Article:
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CASE FROM JUDIS / INDIAN KANOON WEB SITE

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Andhra High Court

  1. Narasinga Rao vs K. Neeraja @ Rajini on 1 June, 2015

THE HONBLE SRI JUSTICE RAMESH RANGANATHAN AND THE HONBLE SRI JUSTICE M.SATYANARAYANA MURTHY

C.M.A.No. 1056 OF 2006

01-06-2015

  1. Narasinga Rao.Petitioner
  1. Neeraja @ Rajini . Respondent

Counsel for the petitioner: Sri J. Prabhakar Counsel for respondent: Sri P.S. Rajasekhar

Citations:

1)     AIR 2011 SC 2748 = (2011) 13 SCC 112

2)     1994 (3) ALT 332 (D.B.)

3)     (1991) 4 SCC 312

4)     (2005) 3 SCC 313

5)     (2009) 1 SCC 398

6)     (2005) 2 SCC 22

7)     AIR 2012 SC 2586

8)     (2013) 2 SCC 114

9)     AIR 1978 AP 6 = 1977 (2) APLJ 103 (NRC)

10)     AIR 2013 SC 2176

11)     AIR 2005 SC 3297

12)     AIR 1940 Madras 929

13)     (1996) 4 SCC 479

14)     AIR 1971 P & H 141

THE HON’BLE SRI JUSTICE RAMESH RANGANATHAN            

AND THE HON’BLE SRI JUSTICE M.SATYANARAYANA MURTHY

C.M.A.No. 1056 OF 2006 AND C.M.A.M.P.No. 200 OF 2014 IN C.M.A.No. 1056 OF 2006 COMMON ORDER: (per Honble Sri Justice Ramesh Ranganathan)

C.M.A. No.1056 of 2006 is filed by the appellant husband against the order passed by the Principal Senior Civil Judge, Warangal, in O.P. No.64 of 2004 dated 17.08.2006, dismissing his petition seeking dissolution of marriage under Section 13(1)(ia) of the Hindu Marriage Act, 1955. The petition, in C.M.A. M.P. No.200 of 2014 in C.M.A. No.1056 of 2006, is filed by the petitioner-wife against the respondent-husband under Section 25 of the Hindu Marriage Act, 1955 (for short, ‘the Act) for grant of Rs.25,00,000/- towards her permanent alimony and Rs.20,00,000/- to Kumari K. Navya, (the daughter of the petitioner and the respondent), towards her maintenance, education and marriage expenses.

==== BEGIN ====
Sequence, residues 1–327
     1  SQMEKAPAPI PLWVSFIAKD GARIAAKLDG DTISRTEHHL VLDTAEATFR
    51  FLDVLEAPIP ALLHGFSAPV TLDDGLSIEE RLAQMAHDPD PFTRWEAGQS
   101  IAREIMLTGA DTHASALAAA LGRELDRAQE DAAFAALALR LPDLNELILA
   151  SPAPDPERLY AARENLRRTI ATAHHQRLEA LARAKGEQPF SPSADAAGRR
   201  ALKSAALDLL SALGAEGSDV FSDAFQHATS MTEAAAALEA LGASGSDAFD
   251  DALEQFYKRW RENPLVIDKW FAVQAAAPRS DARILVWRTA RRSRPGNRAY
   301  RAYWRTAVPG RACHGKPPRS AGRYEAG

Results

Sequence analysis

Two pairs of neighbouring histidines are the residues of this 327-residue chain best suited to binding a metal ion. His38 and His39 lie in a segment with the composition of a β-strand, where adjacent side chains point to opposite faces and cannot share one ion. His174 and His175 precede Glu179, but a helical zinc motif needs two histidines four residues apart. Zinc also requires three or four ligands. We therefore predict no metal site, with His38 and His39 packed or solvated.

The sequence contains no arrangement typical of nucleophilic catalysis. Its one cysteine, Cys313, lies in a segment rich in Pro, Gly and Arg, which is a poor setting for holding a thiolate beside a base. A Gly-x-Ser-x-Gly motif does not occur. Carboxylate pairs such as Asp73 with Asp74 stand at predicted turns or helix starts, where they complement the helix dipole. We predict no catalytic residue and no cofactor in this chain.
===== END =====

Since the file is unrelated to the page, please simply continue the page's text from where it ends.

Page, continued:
The marriage between the petitioner and the respondent was performed as per Hindu rites on 22-02-1996 and they were blessed with a female child by name Kumari K. Navya who is now studying Engineering. However, for various reasons which do not necessitate elaboration, their marital ties broke down, and the respondent filed O.P.No. 64 of 2004 on the file of the Court of the Principal Senior Civil Judge, Warangal (for short, ‘the trial Court’), to dissolve their marriage under Section 13 (1) (ia) of the Act on the ground of cruelty. The said petition was dismissed by the trial Court declining grant of divorce on the ground of cruelty. Aggrieved by the order passed by the trial Court dated 17-08-2006, the respondent preferred C.M.A.No. 1056 of 2006 before this Court.